Lesson Plan on Developing Sound Thesis Statements
Lesson objective(s): Designing successful thesis statements with which a reasonable person may reasonably disagree.
Total estimated time: 50 – 75 minutes
Additional outcome(s): Fostering feelings of confidence in positioning oneself in relation to a given topic of debate.
Course work or assignment underway: First Essay (Critique – Conference Presentation); ideally, this would be the first or close to the first in-class lesson of the semester.
Work and/or reading completed before class:
Sequence of Classroom Activities
- Step one: Divide students into their workshop groups and distribute mock thesis statements (one per group) in relation to which students can agree, disagree, or argue some element of.
- Step two: Group members will designate whether they agree, disagree, or agree-in-part with the statement and list at least three reasons for their choice. (10 – 15 min.)
- Step three: Students will then share their positions with the group and discuss their rationale behind their reasons for the designation while identifying the strengths and weakness of those same reasons. (10 – 15 min.)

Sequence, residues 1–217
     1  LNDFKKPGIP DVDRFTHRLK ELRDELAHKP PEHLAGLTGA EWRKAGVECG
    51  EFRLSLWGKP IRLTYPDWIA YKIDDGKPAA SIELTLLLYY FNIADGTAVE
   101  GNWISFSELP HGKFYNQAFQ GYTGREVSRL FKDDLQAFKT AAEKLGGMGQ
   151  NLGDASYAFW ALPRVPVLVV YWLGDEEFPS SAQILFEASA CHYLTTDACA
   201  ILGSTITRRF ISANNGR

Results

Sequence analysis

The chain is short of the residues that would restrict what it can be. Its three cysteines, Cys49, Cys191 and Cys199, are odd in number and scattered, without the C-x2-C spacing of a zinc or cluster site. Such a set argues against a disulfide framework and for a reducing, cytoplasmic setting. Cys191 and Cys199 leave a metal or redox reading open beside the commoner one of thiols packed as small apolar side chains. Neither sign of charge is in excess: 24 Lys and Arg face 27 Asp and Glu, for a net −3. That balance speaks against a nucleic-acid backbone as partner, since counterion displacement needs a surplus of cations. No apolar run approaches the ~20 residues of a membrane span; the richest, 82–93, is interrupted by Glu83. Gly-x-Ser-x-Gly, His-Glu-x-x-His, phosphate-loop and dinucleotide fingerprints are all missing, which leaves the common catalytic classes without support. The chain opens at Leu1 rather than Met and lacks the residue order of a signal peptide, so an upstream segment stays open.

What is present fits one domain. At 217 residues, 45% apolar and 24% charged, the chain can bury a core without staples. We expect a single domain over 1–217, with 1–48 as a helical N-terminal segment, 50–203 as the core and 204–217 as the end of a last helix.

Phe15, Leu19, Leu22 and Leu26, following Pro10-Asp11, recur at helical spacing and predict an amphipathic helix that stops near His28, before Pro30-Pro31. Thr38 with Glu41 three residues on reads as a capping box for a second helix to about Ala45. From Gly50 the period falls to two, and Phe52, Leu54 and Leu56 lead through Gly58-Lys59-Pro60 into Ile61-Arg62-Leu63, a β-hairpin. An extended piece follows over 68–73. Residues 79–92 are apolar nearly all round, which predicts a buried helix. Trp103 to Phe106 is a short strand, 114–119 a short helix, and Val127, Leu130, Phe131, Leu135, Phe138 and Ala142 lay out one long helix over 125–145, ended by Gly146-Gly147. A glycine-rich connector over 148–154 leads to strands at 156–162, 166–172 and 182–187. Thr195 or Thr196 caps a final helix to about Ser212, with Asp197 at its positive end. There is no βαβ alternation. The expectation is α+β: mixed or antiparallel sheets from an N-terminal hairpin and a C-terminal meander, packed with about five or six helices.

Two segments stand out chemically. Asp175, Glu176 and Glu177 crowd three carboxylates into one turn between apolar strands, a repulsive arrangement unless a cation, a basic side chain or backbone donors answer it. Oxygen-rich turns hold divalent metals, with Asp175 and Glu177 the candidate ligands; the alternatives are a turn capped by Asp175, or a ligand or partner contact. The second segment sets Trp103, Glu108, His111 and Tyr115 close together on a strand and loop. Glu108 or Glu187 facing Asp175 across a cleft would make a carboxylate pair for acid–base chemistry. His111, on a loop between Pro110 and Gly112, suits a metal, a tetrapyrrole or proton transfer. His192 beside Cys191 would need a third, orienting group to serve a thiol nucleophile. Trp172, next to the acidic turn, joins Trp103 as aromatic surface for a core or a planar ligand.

- Step four: The group will identify which position they find most reasonable and, together, will design a compelling thesis statement based on the supporting elements identified by the group as a whole. (10 – 15 min.)
- Step five: Each group will present its thesis statement and we will discuss the strengths and weaknesses of each as a class. (20 – 30 min.)
Reflection on the lesson’s success or alternative approaches:
- Using the course wiki, students will compile a list of attributes of a good, compelling, reasonable thesis statement.
Download: Developing Thesis Statements (doc)